In the backdrop of three Pakistani cricketers being jailed for spot-fixing on Thursday, the ICC's anti-corruption unit chief Ronnie Flanagan has vowed that the world body will remain vigilant against corruption in the game.
Ronnie re-iterated ICC's resolve for zero tolerance against corruption and said the world body will be the enemy of corrupt cricketers.
"When the ACSU was formed by Lord Condon more than ten years ago, it was created to be the friend of cricketers, it wasn't created to be the enemy of cricketers, although I would certainly consider we would be the enemy of corrupt cricketers," he said.
Ronnie, who had served as the British Queen's Chief Inspector of Constabulary, before becoming ICC Anti-corruption and Security Unit chief, said corruption in cricket is not rampant but at the same time not isolated also.
"I think that (corruption) is certainly not rampant in the world of cricket. It is engaged in by a tiny number of people. Corrupt cricketers are a very tiny proportion of the cricketing world. Sadly I wouldn't say the instances we have seen brought to justice are totally isolated either."
"They indicate we must be ever vigilant, they indicate that the hard work and the wonderful platform established by Lord Condon, which we have been able to build upon, is such we must never be complacent and ever vigilant," Ronnie said in an ICC release.
He said the ACSU had worked with the British authorities in collecting evidence in the spot-fixing scandal, which on Thursday culminated to jail terms being handed by a London court to Salman Butt, Mohammad Asif and Mohammad Amir.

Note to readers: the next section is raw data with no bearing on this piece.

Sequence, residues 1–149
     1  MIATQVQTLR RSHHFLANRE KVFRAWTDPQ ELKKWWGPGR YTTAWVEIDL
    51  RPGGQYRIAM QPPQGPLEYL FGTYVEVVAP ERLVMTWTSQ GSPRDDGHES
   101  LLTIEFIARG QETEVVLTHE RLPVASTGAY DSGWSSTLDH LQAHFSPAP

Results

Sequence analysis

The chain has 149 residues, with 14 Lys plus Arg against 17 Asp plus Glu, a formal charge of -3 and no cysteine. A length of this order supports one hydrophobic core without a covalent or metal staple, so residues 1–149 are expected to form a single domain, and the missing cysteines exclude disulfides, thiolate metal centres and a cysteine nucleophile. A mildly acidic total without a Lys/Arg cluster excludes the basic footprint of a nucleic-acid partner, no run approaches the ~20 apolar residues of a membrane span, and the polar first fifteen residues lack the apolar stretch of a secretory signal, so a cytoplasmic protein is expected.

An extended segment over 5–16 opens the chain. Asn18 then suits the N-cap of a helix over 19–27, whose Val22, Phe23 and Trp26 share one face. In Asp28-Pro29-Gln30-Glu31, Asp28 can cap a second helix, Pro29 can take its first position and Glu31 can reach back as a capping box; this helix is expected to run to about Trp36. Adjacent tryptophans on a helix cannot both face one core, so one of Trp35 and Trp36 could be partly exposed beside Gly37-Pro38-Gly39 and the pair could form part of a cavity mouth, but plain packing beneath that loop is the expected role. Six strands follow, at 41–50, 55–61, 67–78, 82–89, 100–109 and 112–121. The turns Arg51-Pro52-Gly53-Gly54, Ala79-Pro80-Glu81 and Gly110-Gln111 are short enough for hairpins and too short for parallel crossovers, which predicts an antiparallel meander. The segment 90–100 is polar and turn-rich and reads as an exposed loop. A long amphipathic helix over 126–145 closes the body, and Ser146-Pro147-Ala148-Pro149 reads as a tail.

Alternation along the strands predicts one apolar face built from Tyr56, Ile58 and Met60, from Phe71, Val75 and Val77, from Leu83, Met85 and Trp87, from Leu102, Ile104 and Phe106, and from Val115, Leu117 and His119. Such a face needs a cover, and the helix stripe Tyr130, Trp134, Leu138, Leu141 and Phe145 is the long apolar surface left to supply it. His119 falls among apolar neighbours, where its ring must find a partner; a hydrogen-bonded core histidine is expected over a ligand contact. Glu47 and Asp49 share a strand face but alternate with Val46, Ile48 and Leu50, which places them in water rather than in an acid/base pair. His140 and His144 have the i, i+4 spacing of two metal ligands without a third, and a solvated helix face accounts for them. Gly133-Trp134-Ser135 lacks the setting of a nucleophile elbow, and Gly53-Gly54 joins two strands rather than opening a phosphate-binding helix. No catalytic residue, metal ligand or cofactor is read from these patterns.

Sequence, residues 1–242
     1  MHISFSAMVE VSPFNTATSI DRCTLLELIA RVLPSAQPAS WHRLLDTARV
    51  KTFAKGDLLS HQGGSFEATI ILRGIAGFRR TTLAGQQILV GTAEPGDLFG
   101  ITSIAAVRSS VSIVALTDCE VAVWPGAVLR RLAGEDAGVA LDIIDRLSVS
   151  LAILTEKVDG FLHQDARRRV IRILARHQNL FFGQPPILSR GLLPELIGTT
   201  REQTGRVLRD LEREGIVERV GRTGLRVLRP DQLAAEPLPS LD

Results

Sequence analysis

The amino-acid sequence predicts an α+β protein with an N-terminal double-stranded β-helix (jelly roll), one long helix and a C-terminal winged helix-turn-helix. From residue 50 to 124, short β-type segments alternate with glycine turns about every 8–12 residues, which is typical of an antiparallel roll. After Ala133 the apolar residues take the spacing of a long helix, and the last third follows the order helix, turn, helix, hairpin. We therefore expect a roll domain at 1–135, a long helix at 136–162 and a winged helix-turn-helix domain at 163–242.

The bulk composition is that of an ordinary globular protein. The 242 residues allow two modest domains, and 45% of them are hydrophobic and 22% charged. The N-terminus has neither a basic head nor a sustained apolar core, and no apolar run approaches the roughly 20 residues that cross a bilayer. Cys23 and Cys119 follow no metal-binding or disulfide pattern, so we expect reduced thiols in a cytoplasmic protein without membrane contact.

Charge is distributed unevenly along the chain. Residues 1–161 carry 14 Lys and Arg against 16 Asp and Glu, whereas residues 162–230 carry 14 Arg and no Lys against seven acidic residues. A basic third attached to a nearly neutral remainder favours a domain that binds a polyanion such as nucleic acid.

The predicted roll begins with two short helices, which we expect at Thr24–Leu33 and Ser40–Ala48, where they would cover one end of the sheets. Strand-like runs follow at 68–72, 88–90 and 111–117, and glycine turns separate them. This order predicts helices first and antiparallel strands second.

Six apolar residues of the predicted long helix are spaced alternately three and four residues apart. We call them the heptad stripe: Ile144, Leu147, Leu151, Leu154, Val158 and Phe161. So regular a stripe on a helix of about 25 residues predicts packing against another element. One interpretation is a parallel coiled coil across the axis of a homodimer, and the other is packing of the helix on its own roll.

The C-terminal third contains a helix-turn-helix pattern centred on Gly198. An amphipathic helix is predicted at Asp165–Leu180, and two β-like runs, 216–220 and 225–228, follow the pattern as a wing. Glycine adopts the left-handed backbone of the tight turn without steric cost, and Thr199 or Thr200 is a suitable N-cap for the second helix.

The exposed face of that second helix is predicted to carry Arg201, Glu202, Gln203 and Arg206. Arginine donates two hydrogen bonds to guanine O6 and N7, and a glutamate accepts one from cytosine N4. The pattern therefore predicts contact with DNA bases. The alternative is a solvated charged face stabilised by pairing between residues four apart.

"There was tremendous amount of work to be done by my investigators in order to bring disciplinary charges to the Independent Disciplinary Tribunal within the ICC and to continue their work hand in glove with the detectives from Scotland Yard to present the evidence in the criminal cases as well."
"Once the revelations were brought into the public domain by the then The News of the World that very day, I had one of our team immediately on hand with Scotland Yard and dispatched two other colleagues from Dubai and they began their work immediately," Ronnie said.
"I think it has been very prominent and very important (played by ACSU). It was very painstaking work to gather that evidence, analyse that evidence and work with the ICC legal team to be in a position to properly present that evidence so these crimes, these offences can be properly dealt with," he said.
Asked if the ACSU faces constraints in investigating cases like the spot-fixing scandal, he said, "Some people may describe them as constraints, the fact we don't have the powers of a police force, but I certainly would not be seeking the powers of the police force."
On the lessons that can be learnt from this episode, he said, "I think those lessons we have just described - the need for vigilance, the need for absolute absence of complacency, the appropriateness of what some people call zero tolerance. Although there are only a tiny proportion of people, there will always be that tiny proportion."
Ronnie expressed happiness that member Boards have also drawn up anti-corruption codes to clean up the game.
"We have the responsibility and remit for the international game, but I am absolutely delighted to see the individual Member boards now having signed up to their own anti-corruption codes and creating their own anti-corruption units."